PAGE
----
ORLANDO — Wayne Rooney is a striker for D.C. United, but on an MLS all-star team featuring the single-season record holder for goals, this year’s goal king and the league’s most menacing figure, the Englishman started in midfield Wednesday against Spanish club Atletico Madrid.

And he was pretty good as a provider, which makes one wonder whether, at some point during his United tenure, he will conduct the attack regularly.

Rooney was all over the place during 45 minutes of starting service in a 3-0 defeat at rainy Exploria Stadium. He was a freelance playmaker who launched attacks from a variety of spots and delivered some succulent passes.

“It’s a role I’ve played many times [in England] and one I am capable of playing,” he said. “There is a bit more space to get on the ball and then use my experience and try to pick the right times to make good passes forward or try to keep the ball. We created some good opportunities.”

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Rooney had MLS’s best opportunity in the first half, a 30-yard screamer that streaked over the crossbar. Joining him in the starting lineup were 6-foot-5 striker Zlatan Ibrahimovic and Carlos Vela (22 goals). In the 30th minute, 2018 MVP Josef Martinez replaced Ibrahimovic.

It’s not unusual, when United is sputtering, to see Rooney retreat into midfield to trigger the attack. D.C., though, has a natural playmaker, Luciano Acosta, whose contract expires this year. For now, United needs Rooney up top, where he is sure to be Sunday, when first-place Philadelphia visits Audi Field.

Rooney said he enjoyed these two days of festivities; a day earlier, he was one of three MLS all-stars to compete in the skills challenge.

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As for the 15th annual match between an MLS select squad and a visiting club, Atletico went ahead in the 43rd minute.

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With his back to the goal, Rodrigo Riquelme, a 19-year-old from the club’s B squad, pushed along Hector Herrrera’s delivery with a no-look, one-touch heel pass into the path of surging Marcos Llorente for a one-timer off substitute goalkeeper Andre Blake’s arm.

In the 85th minute, 19-year-old Joao Felix, whose $139 million acquisition from Benfica this summer was the third highest in soccer history, scored from 25 yards on a swerving shot that bent away from goalkeeper Nick Rimando.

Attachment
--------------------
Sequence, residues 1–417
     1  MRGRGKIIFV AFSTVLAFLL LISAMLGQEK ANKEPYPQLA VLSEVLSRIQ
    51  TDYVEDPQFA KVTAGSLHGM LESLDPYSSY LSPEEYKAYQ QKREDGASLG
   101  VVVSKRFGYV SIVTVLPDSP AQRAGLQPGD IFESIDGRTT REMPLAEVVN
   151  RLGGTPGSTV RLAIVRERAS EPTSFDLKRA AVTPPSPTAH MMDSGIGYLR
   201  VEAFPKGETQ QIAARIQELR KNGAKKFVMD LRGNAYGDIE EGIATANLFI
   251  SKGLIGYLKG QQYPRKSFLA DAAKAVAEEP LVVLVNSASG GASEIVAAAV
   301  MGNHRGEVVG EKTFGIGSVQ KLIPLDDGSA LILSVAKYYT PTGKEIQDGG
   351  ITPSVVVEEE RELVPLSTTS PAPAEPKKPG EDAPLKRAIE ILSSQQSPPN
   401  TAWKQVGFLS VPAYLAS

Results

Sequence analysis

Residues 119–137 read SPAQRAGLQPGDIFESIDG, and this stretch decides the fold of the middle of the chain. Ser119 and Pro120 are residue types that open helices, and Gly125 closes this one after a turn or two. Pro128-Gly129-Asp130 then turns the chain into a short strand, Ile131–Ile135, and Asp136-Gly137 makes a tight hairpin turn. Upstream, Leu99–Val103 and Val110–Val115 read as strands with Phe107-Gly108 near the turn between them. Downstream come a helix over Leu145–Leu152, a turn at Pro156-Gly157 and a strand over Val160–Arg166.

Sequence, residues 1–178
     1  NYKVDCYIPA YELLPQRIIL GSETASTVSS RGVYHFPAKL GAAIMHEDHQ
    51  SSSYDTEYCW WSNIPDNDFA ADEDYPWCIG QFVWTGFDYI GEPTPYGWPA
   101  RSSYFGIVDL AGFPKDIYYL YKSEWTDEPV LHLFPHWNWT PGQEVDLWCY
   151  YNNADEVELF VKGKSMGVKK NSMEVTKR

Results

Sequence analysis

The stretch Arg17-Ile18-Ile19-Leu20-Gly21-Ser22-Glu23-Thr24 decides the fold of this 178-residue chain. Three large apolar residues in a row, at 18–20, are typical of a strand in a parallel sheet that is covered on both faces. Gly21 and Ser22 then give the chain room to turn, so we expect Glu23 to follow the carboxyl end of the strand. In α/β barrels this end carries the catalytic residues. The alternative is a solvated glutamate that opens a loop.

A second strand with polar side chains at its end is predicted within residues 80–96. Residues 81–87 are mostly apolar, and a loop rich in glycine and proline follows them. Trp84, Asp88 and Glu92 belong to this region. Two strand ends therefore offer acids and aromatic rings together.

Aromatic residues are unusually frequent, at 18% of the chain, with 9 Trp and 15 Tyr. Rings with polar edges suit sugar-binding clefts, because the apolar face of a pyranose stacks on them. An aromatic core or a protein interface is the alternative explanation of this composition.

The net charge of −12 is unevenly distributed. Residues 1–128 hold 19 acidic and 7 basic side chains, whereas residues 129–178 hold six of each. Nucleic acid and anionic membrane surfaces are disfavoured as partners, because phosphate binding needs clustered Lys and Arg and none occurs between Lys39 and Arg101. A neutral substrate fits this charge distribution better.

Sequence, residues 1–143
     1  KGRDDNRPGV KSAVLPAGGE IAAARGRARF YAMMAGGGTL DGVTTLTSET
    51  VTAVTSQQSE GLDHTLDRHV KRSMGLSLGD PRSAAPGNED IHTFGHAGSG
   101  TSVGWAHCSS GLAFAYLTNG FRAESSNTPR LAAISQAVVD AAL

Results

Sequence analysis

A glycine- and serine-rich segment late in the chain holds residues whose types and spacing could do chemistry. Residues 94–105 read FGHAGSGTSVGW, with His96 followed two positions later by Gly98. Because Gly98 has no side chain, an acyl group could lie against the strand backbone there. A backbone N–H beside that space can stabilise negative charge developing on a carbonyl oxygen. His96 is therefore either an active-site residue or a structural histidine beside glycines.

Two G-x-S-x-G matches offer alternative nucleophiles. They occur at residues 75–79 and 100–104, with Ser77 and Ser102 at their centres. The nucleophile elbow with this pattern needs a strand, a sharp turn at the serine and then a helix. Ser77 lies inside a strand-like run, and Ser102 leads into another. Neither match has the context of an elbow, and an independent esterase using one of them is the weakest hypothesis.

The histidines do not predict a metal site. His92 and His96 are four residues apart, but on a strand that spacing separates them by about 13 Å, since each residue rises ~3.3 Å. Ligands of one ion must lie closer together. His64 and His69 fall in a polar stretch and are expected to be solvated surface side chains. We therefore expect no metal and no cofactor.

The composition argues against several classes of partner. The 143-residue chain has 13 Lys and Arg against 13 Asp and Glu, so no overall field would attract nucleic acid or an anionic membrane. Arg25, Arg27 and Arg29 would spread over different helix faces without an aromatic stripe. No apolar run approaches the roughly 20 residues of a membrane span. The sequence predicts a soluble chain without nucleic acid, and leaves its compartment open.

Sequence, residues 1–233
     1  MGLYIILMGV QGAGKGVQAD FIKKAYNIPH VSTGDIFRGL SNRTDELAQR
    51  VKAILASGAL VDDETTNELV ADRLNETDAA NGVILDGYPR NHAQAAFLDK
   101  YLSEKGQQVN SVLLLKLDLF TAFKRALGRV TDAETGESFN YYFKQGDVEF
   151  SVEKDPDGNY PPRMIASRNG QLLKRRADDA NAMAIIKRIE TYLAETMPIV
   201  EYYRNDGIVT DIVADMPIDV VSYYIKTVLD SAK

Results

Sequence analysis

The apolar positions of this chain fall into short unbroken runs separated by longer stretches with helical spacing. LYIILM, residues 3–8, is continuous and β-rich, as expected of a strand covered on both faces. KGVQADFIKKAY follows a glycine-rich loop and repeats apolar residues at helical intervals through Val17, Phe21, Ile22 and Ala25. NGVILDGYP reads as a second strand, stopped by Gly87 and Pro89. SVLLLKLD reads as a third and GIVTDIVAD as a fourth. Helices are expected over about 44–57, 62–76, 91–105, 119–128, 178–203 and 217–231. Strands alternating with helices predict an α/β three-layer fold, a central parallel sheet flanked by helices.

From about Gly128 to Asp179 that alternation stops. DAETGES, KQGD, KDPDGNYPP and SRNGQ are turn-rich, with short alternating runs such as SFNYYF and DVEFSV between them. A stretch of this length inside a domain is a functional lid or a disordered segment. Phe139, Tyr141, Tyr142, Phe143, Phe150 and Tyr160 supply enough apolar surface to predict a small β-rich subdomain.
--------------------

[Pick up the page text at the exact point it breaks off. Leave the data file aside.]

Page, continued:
Diego Costa added a goal in the final seconds of stoppage time.

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Labor issues: As the MLS board of governors gathered Wednesday for its regular meeting, the players’ union was one floor below at the same conference center conducting a media briefing to lay out its case ahead of labor negotiations.

The collective bargaining agreement will expire Jan. 31, and if past boardroom tussles are any indication the sides will not reach a deal until 2020 training camps — or the season itself — are slated to open.

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Aside from salaries and greater free agency, the MLS Players Association made clear that transportation will be a key issue. Namely, the players are seeking charters for most, if not all, away matches, bringing MLS in line with other pro sports leagues and many college programs.

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As it stands, to control costs, MLS teams almost always fly commercial, an arrangement that, besides comfort issues, has led to delays, cancellations and travel on the day of matches. That, in turn, affects performance.

“These are not luxury planes where guys are going to be getting massages on king-size beds,” said Bob Foose, the MLSPA’s executive director. “This is about how efficiently we move athletes across abnormally large distances in the middle of a very congested calendar. It doesn’t work the way we are doing it now.”

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Flying commercial, the union contends, is more time-consuming than flying charter and affects preparations and recovery.

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Flying charter is more expensive. “We understand that and don’t take that lightly in any way,” Foose said, “but this is a fundamental building block if you are going to try to be a world-class league.”

In response, Commissioner Don Garber said, “I would love to be in a situation where our players can travel charter to every game. But it’s all about how we allocate our resources and where do we and our players prioritize our available spending because it’s not an unlimited pool of money.”

Expansion update: St. Louis is the leading candidate to land MLS’s 28th team for the 2022 season. “We are in very advanced talks,” Garber said. Sacramento seems next on the list.

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The league currently has 24 teams. Miami and Austin will begin next year and Nashville in 2021. Other prospective markets are Charlotte, Raleigh, N.C., Phoenix, Indianapolis, San Diego and Las Vegas. The announced target is 30 teams.

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MLS early start: The 2020 season will begin in late February, about two weeks earlier than this year, Foose said. MLS shortened the regular season by three weeks this year, a move criticized for creating an offseason too long by international standards.

USWNT hire: Kate Markgraf, a former World Cup defender and current ESPN commentator, is expected to become general manager of the U.S. women’s national team, multiple people close to the situation said. She would lead the effort to hire a new head coach following Jill Ellis’s departure in October.

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